CONCLUSION: Drinking patterns were associated with visual impairment. Heavy intake had negative effects on distance vision; meanwhile, moderate intake had a positive effect on distance vision.

08 April 2015 In General Health

PURPOSE: To evaluate the association between different amounts of alcohol consumption and the risk of age-related cataract.

METHODS: We searched PubMed and Embase from their inception until May 2014 for case-control or cohort studies with data on alcohol consumption and age-related cataract. Heavy alcohol consumption was defined as more than two standard drinks per day, which is equal to a daily intake of 20 g of alcohol or 140 g per week. Moderate consumption was defined as less than 20 g of alcohol per day but more than never any. We performed separate meta-analyses for the associations of moderate or heavy alcohol consumption with age-related cataract under a random-effects model, respectively.

RESULTS: Five case-control and five cohort studies were identified through comprehensive literature search. In the meta-analysis of 10 studies, the associations between moderate alcohol consumption and age-related cataract were marginally nonsignificant (pooled relative risk, 0.88; 95% confidence interval, 0.74 to 1.05; I = 82.1%), whereas heavy alcohol consumption was associated with an increased risk of age-related cataract (pooled relative risk, 1.26; 95% confidence interval, 1.06 to 1.50; I = 58.9%). The association between heavy alcohol consumption and cataract was stronger in case-control than in cohort studies. Adjusting for smoking as a potential confounder attenuated the association between heavy alcohol consumption and cataract.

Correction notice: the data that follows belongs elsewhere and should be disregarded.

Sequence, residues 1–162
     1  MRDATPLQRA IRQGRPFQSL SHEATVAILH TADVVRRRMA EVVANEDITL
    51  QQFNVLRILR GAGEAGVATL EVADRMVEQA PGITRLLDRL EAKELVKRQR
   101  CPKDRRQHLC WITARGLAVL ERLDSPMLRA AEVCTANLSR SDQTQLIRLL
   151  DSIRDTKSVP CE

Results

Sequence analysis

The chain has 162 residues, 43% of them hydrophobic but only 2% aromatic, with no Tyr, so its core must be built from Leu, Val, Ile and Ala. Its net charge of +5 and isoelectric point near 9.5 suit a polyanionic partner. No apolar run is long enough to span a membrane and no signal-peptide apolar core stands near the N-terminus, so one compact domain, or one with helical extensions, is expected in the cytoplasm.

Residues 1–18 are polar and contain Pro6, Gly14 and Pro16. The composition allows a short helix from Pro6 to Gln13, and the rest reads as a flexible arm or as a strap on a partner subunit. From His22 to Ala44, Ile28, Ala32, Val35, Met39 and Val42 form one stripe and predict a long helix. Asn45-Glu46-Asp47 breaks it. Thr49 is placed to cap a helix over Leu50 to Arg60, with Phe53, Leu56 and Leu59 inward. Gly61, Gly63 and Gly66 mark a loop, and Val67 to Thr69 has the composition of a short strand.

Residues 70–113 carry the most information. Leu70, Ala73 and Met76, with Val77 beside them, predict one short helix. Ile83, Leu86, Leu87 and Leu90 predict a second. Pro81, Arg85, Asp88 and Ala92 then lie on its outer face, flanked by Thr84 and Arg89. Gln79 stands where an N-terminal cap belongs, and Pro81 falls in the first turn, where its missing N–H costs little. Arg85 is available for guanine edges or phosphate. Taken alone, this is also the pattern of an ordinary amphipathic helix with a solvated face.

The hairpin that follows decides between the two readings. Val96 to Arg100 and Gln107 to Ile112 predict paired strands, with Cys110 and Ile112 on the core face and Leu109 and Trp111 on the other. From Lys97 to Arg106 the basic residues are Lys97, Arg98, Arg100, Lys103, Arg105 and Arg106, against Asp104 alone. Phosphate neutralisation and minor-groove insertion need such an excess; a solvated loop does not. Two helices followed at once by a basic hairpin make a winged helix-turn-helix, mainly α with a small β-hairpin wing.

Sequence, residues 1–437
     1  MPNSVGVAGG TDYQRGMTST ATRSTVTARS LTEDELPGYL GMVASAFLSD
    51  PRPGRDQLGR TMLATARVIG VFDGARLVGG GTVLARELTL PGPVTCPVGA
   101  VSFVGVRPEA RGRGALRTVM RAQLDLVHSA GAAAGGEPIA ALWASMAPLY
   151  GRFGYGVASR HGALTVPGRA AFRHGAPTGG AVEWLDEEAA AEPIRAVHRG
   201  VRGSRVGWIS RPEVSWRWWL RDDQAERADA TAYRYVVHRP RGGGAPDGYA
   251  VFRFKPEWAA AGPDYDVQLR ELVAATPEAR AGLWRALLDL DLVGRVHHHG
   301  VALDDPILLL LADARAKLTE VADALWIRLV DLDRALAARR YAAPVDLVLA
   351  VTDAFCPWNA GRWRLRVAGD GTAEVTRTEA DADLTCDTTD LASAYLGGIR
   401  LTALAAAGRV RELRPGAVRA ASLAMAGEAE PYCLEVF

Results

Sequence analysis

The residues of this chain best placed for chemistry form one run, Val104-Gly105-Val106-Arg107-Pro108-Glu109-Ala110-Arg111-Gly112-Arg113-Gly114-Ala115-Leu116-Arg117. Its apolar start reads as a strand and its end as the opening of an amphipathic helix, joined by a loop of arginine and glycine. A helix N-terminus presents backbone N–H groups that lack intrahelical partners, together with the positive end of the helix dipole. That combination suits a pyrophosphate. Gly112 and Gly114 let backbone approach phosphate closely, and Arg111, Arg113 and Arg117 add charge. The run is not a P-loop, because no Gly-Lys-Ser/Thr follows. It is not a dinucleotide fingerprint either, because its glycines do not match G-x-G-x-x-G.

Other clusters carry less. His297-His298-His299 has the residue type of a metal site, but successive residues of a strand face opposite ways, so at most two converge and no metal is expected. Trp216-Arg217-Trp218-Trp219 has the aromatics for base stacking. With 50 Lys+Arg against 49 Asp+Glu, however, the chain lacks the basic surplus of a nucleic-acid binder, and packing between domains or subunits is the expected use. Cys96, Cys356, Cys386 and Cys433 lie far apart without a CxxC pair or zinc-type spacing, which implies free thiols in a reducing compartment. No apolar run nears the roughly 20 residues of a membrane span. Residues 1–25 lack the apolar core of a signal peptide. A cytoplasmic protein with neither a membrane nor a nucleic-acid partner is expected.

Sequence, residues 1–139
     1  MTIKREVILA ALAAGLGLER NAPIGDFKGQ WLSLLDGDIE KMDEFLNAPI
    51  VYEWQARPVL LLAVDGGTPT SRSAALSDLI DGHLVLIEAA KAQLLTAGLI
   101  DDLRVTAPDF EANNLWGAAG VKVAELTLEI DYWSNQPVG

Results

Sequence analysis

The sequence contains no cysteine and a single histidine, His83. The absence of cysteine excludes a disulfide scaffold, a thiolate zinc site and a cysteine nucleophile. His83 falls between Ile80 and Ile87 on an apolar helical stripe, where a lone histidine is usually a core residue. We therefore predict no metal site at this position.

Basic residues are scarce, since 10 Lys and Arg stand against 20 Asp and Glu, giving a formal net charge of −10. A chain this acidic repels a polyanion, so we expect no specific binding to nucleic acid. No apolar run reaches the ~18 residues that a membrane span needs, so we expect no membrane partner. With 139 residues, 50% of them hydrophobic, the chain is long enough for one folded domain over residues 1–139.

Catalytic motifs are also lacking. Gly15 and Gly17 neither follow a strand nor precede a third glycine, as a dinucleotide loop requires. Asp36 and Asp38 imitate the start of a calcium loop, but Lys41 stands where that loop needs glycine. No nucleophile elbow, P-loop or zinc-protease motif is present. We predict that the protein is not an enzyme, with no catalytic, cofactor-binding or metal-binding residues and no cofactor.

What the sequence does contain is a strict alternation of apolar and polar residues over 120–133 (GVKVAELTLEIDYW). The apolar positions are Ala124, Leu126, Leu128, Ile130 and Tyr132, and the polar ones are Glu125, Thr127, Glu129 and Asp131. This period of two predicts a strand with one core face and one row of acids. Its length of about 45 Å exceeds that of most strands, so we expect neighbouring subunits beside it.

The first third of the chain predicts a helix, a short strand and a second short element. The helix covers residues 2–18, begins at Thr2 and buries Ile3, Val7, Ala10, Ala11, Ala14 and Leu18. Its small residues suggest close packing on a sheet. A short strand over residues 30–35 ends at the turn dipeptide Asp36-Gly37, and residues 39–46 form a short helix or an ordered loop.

CONCLUSIONS: Heavy alcohol consumption significantly increased the risk of age-related cataract, whereas moderate consumption may be protective for this ocular condition. Clinically, information on a patient's alcohol drinking history might be valuable to general physicians and ophthalmologists when there is a diagnosis of age-related cataract and should be collected on a routine basis in eye clinics.

Page 1 of 2

Contact us

We love your feedback. Get in touch with us.

  • Tel: +32 (0)2 230 99 70
  • Email: This email address is being protected from spambots. You need JavaScript enabled to view it.

Disclaimer

The authors have taken reasonable care in ensuring the accuracy of the information herein at the time of publication and are not responsible for any errors or omissions. Read more on our disclaimer and Privacy Policy.